With a few notes, after a solid performance by the Spoons, Patrick Watson, like a magician, teleported the audience into a completely different universe, totally airy and hovering. The friendly character gave another great performance full of magic.
The friendly singer-keyboardist always manages to press the right buttons to provoke emotion and celestial moments.
In the smoke and accompanied by bassist Mishka Stein, drummer-percussionist Andrew Barr, backing vocalist Ariel Engle (La Force) and a string quartet, he launched his performance with the single Lost With You< /em> at Francophonie Park.
“Hello everyone. How are you tonight? I'm so happy to be here. It's my favorite place to play outside,” he said before Big Bird in a Small Cagefeaturing bird sounds, courtesy of the Barr Brothers drummer.
The Wave, A Mermaid in Lisbon, Man Like You< /em>, written for his son, a grandiose version of Little Moments and Look at You, with its small piano notes, were of great beauty. The sound was impeccable and enveloping. Everyone was in a kind of bubble and above all in tune.
“Thank you for a magical evening, Quebec,” he said as he left the stage, after Here Comes the River.
< p>It didn't take long to return to the stage and offer, with Fernie, who had performed at the start of the evening, a vibrant interpretation of Broken. Fernie lifted the audience with his almighty voice.
He continued with a superb Lighthouse, in a particular atmosphere, after having asked the technicians to turn off the lights of the site. A beautiful moment. He concluded his performance with the grandiose To Build a Home by the British formation The Cinematic Orchestra.
With all the services offered at this place, we can say, without being mistaken, that Patrick Watson totally masters this scenic environment. It always offers great evenings of music. Which he did again.
Full of guitars
Say what you want. There's nothing that can beat a good rock show with sharp guitars. This is what the Texan formation Spoon offered us, yesterday, at the Parc de la Francophonie.
It's nice to pretend that rock is dead and buried deep, but there are still a lot of good bands that thrive in this niche. That's what the Spoons have been doing for over 20 years now and that's what they did on their very first visit to Quebec.
In front of a good crowd, at the Parc de la Francophonie , the quintet from Austin (Texas), led by singer Britt Daniel, has certainly won new followers. Heldof Smog formation. Britt Daniel and Alex Fischel's six strings were powerful and sharp. We followed in the same atmosphere with The Devil and Mister Jones and Don't You Evah.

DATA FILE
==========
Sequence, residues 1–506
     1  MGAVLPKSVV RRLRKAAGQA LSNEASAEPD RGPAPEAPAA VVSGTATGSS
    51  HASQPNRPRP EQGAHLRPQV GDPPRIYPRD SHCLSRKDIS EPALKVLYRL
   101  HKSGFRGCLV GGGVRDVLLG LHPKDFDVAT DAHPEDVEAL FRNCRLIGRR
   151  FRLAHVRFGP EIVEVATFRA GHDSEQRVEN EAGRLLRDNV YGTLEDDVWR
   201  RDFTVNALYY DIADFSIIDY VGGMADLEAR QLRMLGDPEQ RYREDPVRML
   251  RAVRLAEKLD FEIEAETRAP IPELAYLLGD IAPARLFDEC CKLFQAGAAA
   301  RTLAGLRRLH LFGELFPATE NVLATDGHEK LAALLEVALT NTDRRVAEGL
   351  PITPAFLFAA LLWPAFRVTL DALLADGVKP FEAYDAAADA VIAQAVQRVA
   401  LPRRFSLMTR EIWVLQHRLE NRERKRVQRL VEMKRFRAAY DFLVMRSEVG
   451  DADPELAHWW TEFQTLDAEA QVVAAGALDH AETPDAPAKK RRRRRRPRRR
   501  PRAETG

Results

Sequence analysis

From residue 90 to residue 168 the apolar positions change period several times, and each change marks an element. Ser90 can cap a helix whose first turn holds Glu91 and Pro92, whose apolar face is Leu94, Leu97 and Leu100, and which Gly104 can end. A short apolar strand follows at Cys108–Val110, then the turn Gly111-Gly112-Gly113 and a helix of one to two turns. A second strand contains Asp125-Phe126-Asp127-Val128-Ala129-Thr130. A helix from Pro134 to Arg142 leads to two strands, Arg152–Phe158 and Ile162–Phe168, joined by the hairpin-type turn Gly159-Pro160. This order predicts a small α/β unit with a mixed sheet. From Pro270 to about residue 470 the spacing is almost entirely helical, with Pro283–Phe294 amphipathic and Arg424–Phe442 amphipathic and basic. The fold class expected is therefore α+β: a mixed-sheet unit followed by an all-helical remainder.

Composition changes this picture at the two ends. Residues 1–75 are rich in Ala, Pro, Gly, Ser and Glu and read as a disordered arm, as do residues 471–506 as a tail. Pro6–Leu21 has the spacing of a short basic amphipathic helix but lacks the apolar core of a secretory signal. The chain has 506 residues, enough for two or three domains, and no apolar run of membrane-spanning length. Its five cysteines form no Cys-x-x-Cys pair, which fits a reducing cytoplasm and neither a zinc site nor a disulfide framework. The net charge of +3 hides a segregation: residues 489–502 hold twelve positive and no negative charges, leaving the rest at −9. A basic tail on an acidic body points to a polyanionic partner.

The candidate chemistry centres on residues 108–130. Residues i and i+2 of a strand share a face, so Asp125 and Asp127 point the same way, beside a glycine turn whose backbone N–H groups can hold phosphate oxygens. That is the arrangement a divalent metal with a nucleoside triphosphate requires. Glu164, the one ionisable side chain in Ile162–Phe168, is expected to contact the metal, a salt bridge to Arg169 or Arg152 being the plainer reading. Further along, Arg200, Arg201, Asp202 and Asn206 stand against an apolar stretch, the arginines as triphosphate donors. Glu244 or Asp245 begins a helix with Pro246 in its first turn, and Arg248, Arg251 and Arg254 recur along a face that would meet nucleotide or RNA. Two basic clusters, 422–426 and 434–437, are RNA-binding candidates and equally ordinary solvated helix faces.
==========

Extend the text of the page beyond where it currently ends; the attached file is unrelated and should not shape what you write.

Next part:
“Ville de Québec, c’est bon to see you. This is our first time here. I wonder why,” said the singer-guitarist, who seemed surprised to see a fan in front of him wearing a band jersey.
Indicating that the group often came to Montreal, he must have ask many questions while hearing the boos of some spectators.
Musical cohesion among the Spoons was total. We really like the obvious passion, as well as their contribution, which is present in keyboardist-guitarist Gerardo Larios and in the square playing of drummer Jim Eno.
The band ended their performance with a caustic version of Rent I Pay, from the album They Want My Soul. Them, we want to see them again in Quebec.
Early in the evening, around supper time, the public present was entitled to beautiful discoveries, especially with Fernie, who offered, with his two musicians and his superb voice, beautiful musical colors. It sounded great.
Karen Pinette Fontaine, who followed, did much the same with her Kanen project. The young woman from the Innu community of Uashat mak Mani-Utenam, on the North Shore, experienced a beautiful baptism of fire at the Summer Festival. It was haunting and promising. People listened to her. Which is not easy with a performance at 6:25 p.m. Which is definitely a good sign.
“Thank you for listening to indigenous artists,” she said towards the end of her performance.
Accompanied by a string quartet, Basia Bulat offered a great moment, at the very end of his show, with a long version of Love is at the End of the World, from his last album The Garden. It was a first for the Montrealer of Polish origins at the FEQ and we felt that she had a lot of fun.
A week after performing in England, the Torontonian JP Saxe offered to good times with his introspective love songs. He managed to get the words Fuck 'em All chanted during the play 3 Minutes.
“If you came to see me, it's because you have already been hurt. You are capable of doing that,” said the 29-year-old redhead, who was performing for the very first time in the Old Capital.
Katrine Johns has been a reporter on the news desk since 2013. Before that she wrote about young adolescence and family dynamics for Styles and was the legal affairs correspondent for the Metro desk. Before joining The Gal Post, Katrine Johns worked as a staff writer at the Village Voice and a freelancer for Newsday, The Wall Street Journal, GQ and Mirabella. To get in touch, contact me through my firstname.lastname@example.org 1-800-268-7128